GregNoiz also remembered the bands later years: Fast forward a few years and I am playing in a ska/punk band called Skaface (a band I started with Jim Sauter, original rhythm guitarist for The Effects) and also filling in on drums and percussion with reggae band The Sons Of The Captivity (a band headed up by Rudy Chavez, original guitarist for Driftwood). Kurt and Peter are still playing but with a new crew behind them. I caught them at a Tempe club called Edcel's Attic and they were great. They played a ripping version of Delroy Wilson's 'Trying to Conquer Me'. I remember talking with Kurt's wife Debbie a bit that night. A nice lady, very pretty. Somewhere around this time I met with Peter and Kurt at his home to play some drums and practice with them a bit. I was a huge fan and I was so weirded out to find myself playing with these guys I could hardly hold on to my sticks. Because of complications in my personal life I couldn't take them up on their invitation to work with them further. A huge regret now of course. My final run in with Kurt was at the Sun Club. This was a notorious dive in Tempe that for a while was the Valley hot spot for edgy music. He had recently bought the club and I asked him if my current band, ToolBox (an alt rock trio where I played live drums along with a computer drum track), could play there. He of course said yes. Kurt was just a really good guy.
Sadly Mayberry's demons caught up with him in June of 1995. According to a story that appeared in the Arizona Republic's obituaries section, "Man Collapses in Struggle With Police" The "Man" was Mayberry, who had stopped breathing at a local hospital after an apparent cocaine overdose. The article said that Mayberry had been walking down the street, naked. He followed two boys home and broke into their apartment. Inside, he found a teenager and two other children; he told them to call the police. The police arrived to find Mayberry hiding in a bedroom, "acting incoherent, delusional and paranoid," according to an officer at the scene. Mayberry attacked the officers, who--the piece notes--did not use excessive force. During the struggle, he collapsed, and was taken to the hospital where he died.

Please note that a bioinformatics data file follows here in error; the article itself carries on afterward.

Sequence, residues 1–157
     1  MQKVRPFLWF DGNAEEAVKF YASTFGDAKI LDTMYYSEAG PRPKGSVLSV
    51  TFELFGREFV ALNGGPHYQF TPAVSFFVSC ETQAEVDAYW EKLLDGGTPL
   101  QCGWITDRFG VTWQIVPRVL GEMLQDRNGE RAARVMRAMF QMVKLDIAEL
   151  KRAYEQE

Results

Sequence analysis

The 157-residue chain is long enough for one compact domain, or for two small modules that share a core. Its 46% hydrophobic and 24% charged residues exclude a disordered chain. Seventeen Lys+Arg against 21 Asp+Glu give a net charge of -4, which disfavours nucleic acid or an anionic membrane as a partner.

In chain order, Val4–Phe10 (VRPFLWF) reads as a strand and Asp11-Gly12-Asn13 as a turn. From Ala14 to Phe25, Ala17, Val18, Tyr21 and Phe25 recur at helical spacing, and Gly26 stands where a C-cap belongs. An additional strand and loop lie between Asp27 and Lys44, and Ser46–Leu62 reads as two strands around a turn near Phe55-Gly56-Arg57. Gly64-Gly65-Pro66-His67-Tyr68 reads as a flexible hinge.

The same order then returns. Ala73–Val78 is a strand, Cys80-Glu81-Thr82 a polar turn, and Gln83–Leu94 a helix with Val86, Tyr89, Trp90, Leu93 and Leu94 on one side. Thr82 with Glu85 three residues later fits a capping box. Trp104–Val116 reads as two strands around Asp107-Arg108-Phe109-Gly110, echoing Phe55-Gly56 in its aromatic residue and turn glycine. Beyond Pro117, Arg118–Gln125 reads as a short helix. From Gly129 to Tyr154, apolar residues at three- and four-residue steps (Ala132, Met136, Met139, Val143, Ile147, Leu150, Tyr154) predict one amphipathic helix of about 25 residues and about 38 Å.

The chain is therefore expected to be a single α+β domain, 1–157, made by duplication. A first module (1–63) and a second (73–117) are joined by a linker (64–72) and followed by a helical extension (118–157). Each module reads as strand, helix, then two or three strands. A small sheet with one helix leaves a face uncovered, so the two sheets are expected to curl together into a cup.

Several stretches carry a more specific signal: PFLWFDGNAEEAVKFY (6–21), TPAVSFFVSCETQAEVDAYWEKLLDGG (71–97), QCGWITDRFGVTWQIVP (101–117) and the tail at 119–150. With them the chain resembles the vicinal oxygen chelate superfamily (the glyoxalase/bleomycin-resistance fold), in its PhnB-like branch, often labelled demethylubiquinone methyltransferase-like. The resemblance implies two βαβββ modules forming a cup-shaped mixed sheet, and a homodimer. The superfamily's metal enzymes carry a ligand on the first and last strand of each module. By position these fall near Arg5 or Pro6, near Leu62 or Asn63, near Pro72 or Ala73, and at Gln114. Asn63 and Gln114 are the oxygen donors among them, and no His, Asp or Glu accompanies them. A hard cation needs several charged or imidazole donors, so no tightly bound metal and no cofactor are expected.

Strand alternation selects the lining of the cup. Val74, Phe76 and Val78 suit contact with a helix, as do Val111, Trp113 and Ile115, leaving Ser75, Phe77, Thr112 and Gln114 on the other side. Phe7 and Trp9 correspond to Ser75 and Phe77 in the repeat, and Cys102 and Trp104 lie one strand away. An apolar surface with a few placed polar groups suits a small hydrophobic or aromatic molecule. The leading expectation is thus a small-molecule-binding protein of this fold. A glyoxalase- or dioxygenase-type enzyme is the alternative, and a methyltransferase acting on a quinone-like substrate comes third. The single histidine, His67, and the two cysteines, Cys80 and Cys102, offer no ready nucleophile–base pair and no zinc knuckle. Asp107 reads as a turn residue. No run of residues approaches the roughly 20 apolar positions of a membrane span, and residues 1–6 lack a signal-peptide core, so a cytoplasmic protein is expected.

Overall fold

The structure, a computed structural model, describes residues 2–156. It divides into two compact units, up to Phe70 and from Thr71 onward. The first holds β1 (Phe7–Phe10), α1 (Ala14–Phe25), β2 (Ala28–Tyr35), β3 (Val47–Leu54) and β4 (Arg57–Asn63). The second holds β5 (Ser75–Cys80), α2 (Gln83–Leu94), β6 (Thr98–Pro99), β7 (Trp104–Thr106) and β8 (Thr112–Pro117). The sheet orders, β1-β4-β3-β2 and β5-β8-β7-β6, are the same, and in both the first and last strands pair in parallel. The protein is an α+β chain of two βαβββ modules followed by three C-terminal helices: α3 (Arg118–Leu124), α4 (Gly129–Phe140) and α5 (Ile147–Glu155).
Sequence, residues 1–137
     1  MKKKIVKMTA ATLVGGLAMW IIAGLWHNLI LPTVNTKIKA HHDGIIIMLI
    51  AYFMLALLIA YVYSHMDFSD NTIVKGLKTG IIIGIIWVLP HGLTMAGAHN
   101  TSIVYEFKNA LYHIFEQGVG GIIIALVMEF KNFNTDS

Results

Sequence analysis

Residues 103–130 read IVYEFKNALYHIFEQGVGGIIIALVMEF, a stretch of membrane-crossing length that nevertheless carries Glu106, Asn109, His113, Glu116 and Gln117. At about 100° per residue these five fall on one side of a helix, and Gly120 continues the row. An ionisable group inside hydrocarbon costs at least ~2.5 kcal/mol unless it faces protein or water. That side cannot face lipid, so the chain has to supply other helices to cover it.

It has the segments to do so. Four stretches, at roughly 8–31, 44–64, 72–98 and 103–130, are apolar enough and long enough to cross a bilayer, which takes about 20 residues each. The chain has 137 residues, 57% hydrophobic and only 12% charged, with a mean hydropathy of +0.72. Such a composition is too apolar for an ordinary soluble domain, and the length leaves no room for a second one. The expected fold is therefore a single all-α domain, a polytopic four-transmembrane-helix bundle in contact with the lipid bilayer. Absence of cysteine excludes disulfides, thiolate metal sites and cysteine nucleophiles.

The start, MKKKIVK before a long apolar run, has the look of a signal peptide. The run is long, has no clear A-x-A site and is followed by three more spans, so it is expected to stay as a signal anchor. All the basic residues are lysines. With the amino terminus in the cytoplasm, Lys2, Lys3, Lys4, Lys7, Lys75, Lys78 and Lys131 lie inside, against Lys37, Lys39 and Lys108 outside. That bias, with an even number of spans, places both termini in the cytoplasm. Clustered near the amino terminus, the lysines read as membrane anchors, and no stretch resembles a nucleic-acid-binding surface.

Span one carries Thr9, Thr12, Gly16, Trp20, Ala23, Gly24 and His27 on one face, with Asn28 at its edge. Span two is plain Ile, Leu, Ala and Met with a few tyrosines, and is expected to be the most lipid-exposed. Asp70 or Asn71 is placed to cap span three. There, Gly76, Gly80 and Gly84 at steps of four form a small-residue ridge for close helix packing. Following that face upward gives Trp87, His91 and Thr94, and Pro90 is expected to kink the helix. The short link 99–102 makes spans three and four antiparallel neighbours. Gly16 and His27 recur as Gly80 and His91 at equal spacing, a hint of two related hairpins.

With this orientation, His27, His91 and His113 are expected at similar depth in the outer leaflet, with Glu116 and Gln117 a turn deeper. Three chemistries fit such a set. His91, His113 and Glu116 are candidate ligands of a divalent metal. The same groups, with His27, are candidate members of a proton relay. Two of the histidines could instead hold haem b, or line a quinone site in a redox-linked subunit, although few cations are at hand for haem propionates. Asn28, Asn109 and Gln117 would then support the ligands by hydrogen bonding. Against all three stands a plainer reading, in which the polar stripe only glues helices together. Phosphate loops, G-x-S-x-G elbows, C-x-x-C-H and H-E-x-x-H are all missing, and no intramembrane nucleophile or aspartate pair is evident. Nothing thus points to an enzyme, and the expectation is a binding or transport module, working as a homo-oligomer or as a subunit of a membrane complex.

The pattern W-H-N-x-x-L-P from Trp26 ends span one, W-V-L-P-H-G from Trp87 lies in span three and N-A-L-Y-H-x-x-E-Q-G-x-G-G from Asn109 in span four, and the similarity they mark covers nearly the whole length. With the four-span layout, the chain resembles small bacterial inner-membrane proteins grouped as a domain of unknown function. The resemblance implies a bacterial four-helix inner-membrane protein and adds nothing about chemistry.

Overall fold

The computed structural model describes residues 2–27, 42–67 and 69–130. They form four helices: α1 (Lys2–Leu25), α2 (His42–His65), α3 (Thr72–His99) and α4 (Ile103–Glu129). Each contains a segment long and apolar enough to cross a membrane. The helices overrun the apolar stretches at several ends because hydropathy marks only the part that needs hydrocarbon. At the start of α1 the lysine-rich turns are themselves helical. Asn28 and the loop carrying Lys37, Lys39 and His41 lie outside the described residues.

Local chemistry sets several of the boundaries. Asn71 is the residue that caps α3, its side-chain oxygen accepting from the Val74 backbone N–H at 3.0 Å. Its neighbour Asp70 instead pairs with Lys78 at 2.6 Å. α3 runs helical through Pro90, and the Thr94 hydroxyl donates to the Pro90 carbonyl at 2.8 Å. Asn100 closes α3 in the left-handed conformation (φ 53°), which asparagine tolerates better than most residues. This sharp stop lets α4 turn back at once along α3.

Here is audio of a live performance of The X-Streams song 'Appeared To Me' in Tempe, Arizona in July,1986
Luckily, I have been able to track down the only single that The X-Streams recorded in 1980 with Lorraine Springer on vocals. It was part of a split 7" single with a new wave band called The Nervous and each band had two songs on each side of the single. The two songs are both fantastic slices of reggaefied ska and its clear that Springer is a vocal talent. Yet again I'm amazed at how the collective unconscious provided inspiration for so many talented musicians around the UK and the US in the late 70's and early 80's to create some great music. Many thanks to Tone and Wave blog for sharing the link
The X-Streams - Soldering/Rhythm Of Life 7"